Viewed on a simple level, Dr Jekyll is a good man, much admired in his profession. Mr Hyde, meanwhile, is the embodiment of evil. He is a murderer; a monster who tramples upon a small girl simply because she happens to be in his way. On a deeper level, however, the comparison is not merely between good and evil but between evolution and degeneration. Throughout the narrative, Mr Hyde’s physical appearance provokes disgust. He is described as ‘ape-like’, ‘troglodytic’ and ‘hardly human’. As the character, Enfield, a well-known man about town, observes ‘There is something wrong with his appearance; something displeasing, something downright detestable’. Some fifteen years before Jekyll and Hyde, Charles Darwin had published The Descent of Man (1871), a book in which he concluded that humankind had ‘descended from a hairy, tailed quadruped’ which was itself ‘probably derived from an ancient marsupial animal’. Such a nightmarish biological lineage feeds into many late-Victorian Gothic novels. Count Dracula’s ability to transform into the shape of a wolf or a bat is one example, while H. G. Wells’ Dr Moreau experiments upon the hapless animals on his island as he attempts a barbaric form of accelerated evolution is another form of this human transgression. Stevenson’s portrayal of Hyde works in a similar fashion. Mr Hyde is regarded as physically detestable but perhaps only because he subconsciously reminds those he encounters of their own distant evolutionary inheritance. When Dr Jekyll’s medical colleague, Dr Lanyon, witnesses Hyde transform back into Jekyll, the knowledge that the ugly, murderous beast exists within the respectable Victorian scientist sends him first to his sick bed, and then to an early grave.
The ultimate horror of the novel rests in the notion that once our civilised restraints have been unfettered, the cruel and heartless elements will take over completely. In the end, the drug used to control Jekyll’s dark side fails to work and gradually the beast Hyde becomes dominant.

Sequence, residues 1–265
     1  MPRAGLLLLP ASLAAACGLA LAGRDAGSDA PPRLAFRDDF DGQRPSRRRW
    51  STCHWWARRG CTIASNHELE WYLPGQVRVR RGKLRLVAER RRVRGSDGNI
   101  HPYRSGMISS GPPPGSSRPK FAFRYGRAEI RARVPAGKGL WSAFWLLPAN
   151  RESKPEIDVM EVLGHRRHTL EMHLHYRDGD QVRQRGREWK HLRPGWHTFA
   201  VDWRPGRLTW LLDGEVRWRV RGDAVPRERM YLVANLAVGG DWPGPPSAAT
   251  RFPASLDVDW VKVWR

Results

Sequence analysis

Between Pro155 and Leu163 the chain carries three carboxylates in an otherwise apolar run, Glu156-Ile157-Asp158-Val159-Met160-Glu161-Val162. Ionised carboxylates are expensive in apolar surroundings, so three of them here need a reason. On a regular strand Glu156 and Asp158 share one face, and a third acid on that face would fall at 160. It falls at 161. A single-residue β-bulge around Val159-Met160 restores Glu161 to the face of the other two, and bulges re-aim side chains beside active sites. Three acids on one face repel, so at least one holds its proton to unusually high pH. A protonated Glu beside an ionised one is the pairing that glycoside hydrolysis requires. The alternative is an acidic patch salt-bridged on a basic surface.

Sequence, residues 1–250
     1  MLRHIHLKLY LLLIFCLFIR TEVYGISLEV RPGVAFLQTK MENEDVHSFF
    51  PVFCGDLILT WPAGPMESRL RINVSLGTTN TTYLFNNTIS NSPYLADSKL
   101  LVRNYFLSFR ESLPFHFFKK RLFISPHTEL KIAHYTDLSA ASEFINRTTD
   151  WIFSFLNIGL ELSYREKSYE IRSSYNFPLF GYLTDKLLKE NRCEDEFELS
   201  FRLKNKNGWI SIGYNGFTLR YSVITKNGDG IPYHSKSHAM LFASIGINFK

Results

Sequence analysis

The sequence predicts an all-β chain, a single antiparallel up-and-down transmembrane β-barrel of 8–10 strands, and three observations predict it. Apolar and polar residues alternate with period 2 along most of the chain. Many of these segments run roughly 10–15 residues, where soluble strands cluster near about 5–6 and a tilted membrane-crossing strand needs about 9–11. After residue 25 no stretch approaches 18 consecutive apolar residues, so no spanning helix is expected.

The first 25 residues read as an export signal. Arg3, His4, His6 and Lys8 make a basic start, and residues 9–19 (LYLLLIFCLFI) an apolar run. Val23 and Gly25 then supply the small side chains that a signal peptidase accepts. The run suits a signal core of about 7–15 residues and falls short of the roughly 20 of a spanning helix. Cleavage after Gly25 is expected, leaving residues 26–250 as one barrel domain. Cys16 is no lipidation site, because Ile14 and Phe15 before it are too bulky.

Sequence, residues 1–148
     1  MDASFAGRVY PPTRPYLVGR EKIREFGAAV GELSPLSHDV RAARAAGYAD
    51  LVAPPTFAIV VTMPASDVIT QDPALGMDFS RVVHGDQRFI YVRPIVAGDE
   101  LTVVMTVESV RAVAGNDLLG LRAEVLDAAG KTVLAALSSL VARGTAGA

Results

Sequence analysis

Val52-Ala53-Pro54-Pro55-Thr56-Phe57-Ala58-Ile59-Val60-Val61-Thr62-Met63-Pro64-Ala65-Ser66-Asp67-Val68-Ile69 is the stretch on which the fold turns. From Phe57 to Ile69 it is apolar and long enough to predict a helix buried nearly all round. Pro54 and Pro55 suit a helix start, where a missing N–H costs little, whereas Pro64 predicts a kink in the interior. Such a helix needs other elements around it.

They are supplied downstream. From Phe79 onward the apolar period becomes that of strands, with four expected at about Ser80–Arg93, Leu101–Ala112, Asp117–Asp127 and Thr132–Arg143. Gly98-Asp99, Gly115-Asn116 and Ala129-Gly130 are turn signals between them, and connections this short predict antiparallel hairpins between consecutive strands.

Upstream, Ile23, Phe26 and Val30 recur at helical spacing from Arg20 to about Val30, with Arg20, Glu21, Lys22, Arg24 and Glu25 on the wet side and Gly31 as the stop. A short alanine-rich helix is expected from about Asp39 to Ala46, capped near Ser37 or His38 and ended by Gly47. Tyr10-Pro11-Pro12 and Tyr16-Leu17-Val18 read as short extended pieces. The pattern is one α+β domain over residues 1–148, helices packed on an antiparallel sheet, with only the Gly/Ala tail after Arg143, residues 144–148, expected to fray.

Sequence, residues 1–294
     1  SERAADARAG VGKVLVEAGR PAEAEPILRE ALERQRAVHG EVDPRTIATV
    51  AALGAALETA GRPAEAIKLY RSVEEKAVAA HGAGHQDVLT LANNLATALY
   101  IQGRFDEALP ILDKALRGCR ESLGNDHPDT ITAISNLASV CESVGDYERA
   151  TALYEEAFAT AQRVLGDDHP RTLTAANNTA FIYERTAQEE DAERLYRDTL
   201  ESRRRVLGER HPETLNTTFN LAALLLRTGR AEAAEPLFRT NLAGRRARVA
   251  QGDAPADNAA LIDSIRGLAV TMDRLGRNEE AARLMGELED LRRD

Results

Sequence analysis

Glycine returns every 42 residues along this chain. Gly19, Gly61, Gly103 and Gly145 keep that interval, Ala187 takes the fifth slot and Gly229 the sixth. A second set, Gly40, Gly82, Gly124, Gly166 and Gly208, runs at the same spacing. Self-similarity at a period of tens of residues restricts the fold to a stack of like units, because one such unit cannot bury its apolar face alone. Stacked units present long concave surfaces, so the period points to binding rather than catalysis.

The story has appealed to filmmakers and among several silent movie versions, John Barrymore’s 1920 portrayal is particularly effective. The story was reprised with sound in 1932 with the excellent Frederic March in the dual role. He was able to transform himself from the handsome Jekyll into the grotesque Hyde by the clever use of lighting and facial expression. In 1941 Spencer Tracy tackled the role, but in an eye-popping melodramatic performance failed to be as effective as March.
In more recent times, a six-part series updating of the story, simply called Jekyll, appeared on British TV in 2007 with James Nesbit in the title role. It played fast and loose with the concept as did the 2016 series, Jekyll and Hyde, which set the story in the thirties and involved the tormented doctor with a whole series of ghoulish and supernatural creatures. It was more DC comics than Robert Louis Stevenson and was a spectacular flop. However, there is no doubt that the strange fellow with a startling split personality will not lie dormant for long before appearing on our screens again but, as with all classic tales, one cannot do better than go back to the source and read the book.